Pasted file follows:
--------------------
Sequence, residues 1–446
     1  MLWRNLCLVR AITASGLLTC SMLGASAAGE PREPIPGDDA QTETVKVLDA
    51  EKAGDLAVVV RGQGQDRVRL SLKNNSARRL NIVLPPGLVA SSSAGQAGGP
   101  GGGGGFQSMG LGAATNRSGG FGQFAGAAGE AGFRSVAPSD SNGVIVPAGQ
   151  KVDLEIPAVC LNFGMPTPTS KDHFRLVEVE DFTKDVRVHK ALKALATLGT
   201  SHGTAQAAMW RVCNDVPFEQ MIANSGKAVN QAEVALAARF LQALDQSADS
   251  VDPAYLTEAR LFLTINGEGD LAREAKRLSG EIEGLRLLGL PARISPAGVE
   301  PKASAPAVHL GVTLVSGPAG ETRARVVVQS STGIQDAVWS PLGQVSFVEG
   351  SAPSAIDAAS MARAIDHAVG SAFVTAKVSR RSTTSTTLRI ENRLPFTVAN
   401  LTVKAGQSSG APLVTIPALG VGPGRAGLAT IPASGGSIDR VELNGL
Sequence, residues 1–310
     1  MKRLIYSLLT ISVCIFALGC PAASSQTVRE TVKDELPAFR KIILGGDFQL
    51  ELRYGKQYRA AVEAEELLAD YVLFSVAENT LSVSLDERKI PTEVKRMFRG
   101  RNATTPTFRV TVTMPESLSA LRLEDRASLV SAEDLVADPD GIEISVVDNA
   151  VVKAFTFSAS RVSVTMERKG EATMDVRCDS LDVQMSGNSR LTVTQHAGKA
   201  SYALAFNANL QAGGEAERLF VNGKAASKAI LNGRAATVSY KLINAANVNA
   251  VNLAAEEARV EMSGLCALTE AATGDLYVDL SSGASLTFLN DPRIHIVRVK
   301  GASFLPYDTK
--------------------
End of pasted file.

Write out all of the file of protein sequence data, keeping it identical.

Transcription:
Sequence, residues 1–446
     1  MLWRNLCLVR AITASGLLTC SMLGASAAGE PREPIPGDDA QTETVKVLDA
    51  EKAGDLAVVV RGQGQDRVRL SLKNNSARRL NIVLPPGLVA SSSAGQAGGP
   101  GGGGGFQSMG LGAATNRSGG FGQFAGAAGE AGFRSVAPSD SNGVIVPAGQ
   151  KVDLEIPAVC LNFGMPTPTS KDHFRLVEVE DFTKDVRVHK ALKALATLGT
   201  SHGTAQAAMW RVCNDVPFEQ MIANSGKAVN QAEVALAARF LQALDQSADS
   251  VDPAYLTEAR LFLTINGEGD LAREAKRLSG EIEGLRLLGL PARISPAGVE
   301  PKASAPAVHL GVTLVSGPAG ETRARVVVQS STGIQDAVWS PLGQVSFVEG
   351  SAPSAIDAAS MARAIDHAVG SAFVTAKVSR RSTTSTTLRI ENRLPFTVAN
   401  LTVKAGQSSG APLVTIPALG VGPGRAGLAT IPASGGSIDR VELNGL
Sequence, residues 1–310
     1  MKRLIYSLLT ISVCIFALGC PAASSQTVRE TVKDELPAFR KIILGGDFQL
    51  ELRYGKQYRA AVEAEELLAD YVLFSVAENT LSVSLDERKI PTEVKRMFRG
   101  RNATTPTFRV TVTMPESLSA LRLEDRASLV SAEDLVADPD GIEISVVDNA
   151  VVKAFTFSAS RVSVTMERKG EATMDVRCDS LDVQMSGNSR LTVTQHAGKA
   201  SYALAFNANL QAGGEAERLF VNGKAASKAI LNGRAATVSY KLINAANVNA
   251  VNLAAEEARV EMSGLCALTE AATGDLYVDL SSGASLTFLN DPRIHIVRVK
   301  GASFLPYDTK